This blog is mostly professional, but may have some personal notes in it as well, as it affects my professional activities.

Its namesake stems from my PhD research into regional identities in the late eighteenth century in what is now southern Bavaria.

I blog about issues related to information literacy, access to library resources, the environment, and the Historical Geography of Rupertsland.

Some sources regarding his life and work.

Fischer, H. (1988) ‘Schön und vortrefflich’: die ‘Charte von Schwaben’: Ein kartengeschichtlich bedeutsames Werk zu Beginn des 19. Jahrhunderts, in: Beiträge zur Landeskunde: Regelmässige Beilage zum Staatsanzeiger für Baden-Württemberg, Juni 1988, 3:1–8.

Fischer, H. (1988) Die ‘Charte von Schwaben’ im Massstab 1:86,400: Erläuterungen, in the series: Reproduktionen alter Karten, Stuttgart.

Fischer, H. (1993) Die ‘Charte von Schwaben’ 1:86,400, Cartographica Helvetica 7 (1993) 1–10.Gradmann, J.J. (1802) Das gelehrte Schwaben: oder Lexicon der jetzt lebenden schwäbischen Schriftsteller, Ravensburg.

Günther, Siegmund (1922) Eine Kartierung Oberschwabens um die Wende des achtzehnten Jahrhunderts, Sitzungsberichte der mathematisch-physikalischen Klasse der Bayerischen Akademie der Wissenschaften zu München, Jahrgang 1921 315–330, 317n.

Wolfart, P. (2008) Mapping the Early Modern State: the Work of Ignaz Ambros Amman, 1782–1812, Journal of Historical Geography, 34(1):1-23.

"Ignaz Ambros von Amman" in Wikipedia [short entry but cites Wolfart (2008).]

Indigenous Studies Portal News

Tuesday, August 4, 2009

discovery services

Been trying to get my head around these, and articulate why intuitively they make me very uncomfortable.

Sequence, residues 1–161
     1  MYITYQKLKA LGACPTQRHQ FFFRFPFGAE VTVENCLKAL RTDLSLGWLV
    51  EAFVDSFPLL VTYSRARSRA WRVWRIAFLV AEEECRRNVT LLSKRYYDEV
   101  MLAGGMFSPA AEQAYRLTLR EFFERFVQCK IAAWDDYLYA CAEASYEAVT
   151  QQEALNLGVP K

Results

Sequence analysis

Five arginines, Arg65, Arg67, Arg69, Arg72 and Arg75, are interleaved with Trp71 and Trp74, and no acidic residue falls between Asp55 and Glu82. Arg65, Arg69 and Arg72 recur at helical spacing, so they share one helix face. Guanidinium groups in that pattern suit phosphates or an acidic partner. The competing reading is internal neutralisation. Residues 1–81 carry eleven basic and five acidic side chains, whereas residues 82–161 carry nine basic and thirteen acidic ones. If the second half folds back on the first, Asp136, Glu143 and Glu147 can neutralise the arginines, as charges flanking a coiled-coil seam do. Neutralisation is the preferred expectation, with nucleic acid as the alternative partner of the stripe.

I think it is down to two reasons:

1) they think they are clever; they attempt to generate search results based on a variety of data, not just what the searcher may have entered into the search box, including such unhelpful things as a user profile, and what you were searching for the last time. At one level it is unnerving as hell; at another its like holding a conversation with somebody who keeps finishing your sentences, but long before they could possibly know what you're going to say. It is a flaw based on the assumption that you couldn't possibly be researching two completely different topics. Consider that during the week, I'm researching the native role in the French Indian wars, and on the weekend I'm shopping for a used car. So in both cases I may search for Pontiac, and will get gibberish in both cases.

2) Pedagogically, they're asking for trouble. In the tradition of google, they will give answers. In the tradition of google, there is no way of knowing if they are useful answers. Moreover, if for example I'm researching a particular topic as a geographer, I expect my results, the articles I find on the Industrial Revolution, to use a geographical approach, and discuss in some detail the Geography of that event. These are important nuances that a first year student might not get, but a prof could / should challenge the students on. They should have been looking through the geographical literature, a known subset of the whole of global knowledge that the discovery layer would give them. This is actually likely to make the work more difficult than it needs to be for the student at this stage. Like google, it seems to me that such searches should be carried out as a last resort, but with the false ease that they offer, almost certainly they will be used a first resort, produce some results that the researcher can live with, and preclude the more in depth and specialised searching we should encourage at the University level.

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